Owing to chronic self-induced vomiting resulting in acid regurgitation, anorexic and bulimic patient's saliva have an increased concentration of acidogenic and cariogenic microbes. Furthermore, a viscous salivary flow rate with its low pH may facilitate the growth of aciduric oral microbes. Studies have demonstrated that increased salivary loads of S. sobrinus are congruous in bulimics; thus, suggesting the significance of S. sobrinus salivary culture as a diagnostic aid in patients with bulimia.
[Table 3] summarizes the common oral features of EDs.
The primary healthcare professional plays a role in the delineation of in the identification of the varied patterns of disordered eating. The primary physician must be familiar with the various risk factors and oral presentation of EDs and should be able to provide initial intervention in such patients. The primary physician should be efficient in making decisions and be able to differentiate the patients warranting urgent hospitalization; thus, directly influencing the patient care and outcomes. Also, the primary healthcare professional is often a member of a multidisciplinary team effort including a physician, nutritionist, dentist and psychiatrist.
Numerous individual remedial measures (e.g., attitude modification, psychotherapy, pharmacological therapy, and family therapy) are proposed for EDs. Hence, a multidisciplinary therapeutic protocol beneficial to the varied morbid states may be implemented. However, the precise therapeutic regimen still needs to be accomplished.
| Conclusion|| |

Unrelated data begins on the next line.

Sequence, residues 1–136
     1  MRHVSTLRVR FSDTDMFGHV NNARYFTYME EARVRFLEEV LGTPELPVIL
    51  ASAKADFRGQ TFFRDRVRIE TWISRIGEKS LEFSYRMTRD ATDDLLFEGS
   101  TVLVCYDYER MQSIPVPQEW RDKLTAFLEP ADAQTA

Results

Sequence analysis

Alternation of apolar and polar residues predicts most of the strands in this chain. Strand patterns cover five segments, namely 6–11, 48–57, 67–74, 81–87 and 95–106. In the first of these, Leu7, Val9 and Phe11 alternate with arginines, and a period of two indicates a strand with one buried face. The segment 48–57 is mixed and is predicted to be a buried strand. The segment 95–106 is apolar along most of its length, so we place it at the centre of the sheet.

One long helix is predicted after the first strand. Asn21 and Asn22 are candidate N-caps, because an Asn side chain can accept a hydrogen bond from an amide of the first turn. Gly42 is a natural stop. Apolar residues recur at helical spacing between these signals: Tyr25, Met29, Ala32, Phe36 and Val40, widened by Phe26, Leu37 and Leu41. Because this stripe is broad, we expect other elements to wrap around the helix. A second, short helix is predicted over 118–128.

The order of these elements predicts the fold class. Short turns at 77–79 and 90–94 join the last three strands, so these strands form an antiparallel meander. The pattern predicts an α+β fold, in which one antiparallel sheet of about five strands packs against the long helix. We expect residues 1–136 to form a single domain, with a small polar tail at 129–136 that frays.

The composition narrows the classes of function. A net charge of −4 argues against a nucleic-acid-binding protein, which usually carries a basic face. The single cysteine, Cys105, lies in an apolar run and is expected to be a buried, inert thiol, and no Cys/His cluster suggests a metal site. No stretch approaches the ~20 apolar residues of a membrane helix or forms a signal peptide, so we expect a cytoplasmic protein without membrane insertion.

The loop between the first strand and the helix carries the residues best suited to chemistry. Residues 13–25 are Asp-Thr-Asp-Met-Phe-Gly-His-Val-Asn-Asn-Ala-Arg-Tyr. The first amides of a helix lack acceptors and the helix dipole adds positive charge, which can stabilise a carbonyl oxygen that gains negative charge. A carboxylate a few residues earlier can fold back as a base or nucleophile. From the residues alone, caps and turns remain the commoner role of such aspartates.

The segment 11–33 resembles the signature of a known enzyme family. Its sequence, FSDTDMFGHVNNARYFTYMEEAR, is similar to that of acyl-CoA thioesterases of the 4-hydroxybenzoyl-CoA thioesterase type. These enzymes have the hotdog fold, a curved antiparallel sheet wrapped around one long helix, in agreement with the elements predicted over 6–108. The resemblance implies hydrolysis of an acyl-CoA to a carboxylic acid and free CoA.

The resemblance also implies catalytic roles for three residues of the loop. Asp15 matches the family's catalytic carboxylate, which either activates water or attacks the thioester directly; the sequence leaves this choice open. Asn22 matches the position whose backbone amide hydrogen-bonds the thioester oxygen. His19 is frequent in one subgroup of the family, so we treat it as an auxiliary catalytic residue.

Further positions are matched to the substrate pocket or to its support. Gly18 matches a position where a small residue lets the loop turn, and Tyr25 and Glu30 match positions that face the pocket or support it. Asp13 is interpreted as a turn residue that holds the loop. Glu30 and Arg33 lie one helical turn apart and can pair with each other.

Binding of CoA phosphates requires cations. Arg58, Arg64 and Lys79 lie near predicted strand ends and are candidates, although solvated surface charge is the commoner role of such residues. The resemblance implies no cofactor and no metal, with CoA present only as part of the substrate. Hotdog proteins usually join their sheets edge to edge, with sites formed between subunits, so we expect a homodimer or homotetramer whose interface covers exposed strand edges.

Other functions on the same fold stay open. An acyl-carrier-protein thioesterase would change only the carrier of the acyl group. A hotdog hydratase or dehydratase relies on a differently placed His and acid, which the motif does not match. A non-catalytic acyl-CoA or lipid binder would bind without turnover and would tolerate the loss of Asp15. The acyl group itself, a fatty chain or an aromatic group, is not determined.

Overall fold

EDs are typified by abnormal eating patterns and altered body weight and usually linked with numerous psycho-somatic sequelae, leading to impecunious quality of life and higher death rates. These subjects have an increased propensity to develop poor oral health. A snugly woven network of deleterious cariogenic diet, self-inflicted vomit, impaired altered salivary composition and poor oral hygiene usually predispose for some oral disorders such as tooth erosion, dental caries and dry mouth. The primary healthcare physician cannot only serve as a portal to specialized medical care but also has a pivotal function in motivating both the individual and the peer group for a speedy recovery. The specific course of therapy for EDs still needs to be accomplished, owing to the plethora of etiologic factors. However, the associated complications like electrolyte imbalance with dehydration, hypotension, bradycardia, arrhythmias, and suicide tendencies may warrant urgent hospitalization.
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Conflicts of interest
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[Figure 1], [Figure 2], [Figure 3], [Figure 4]
[Table 1], [Table 2], [Table 3]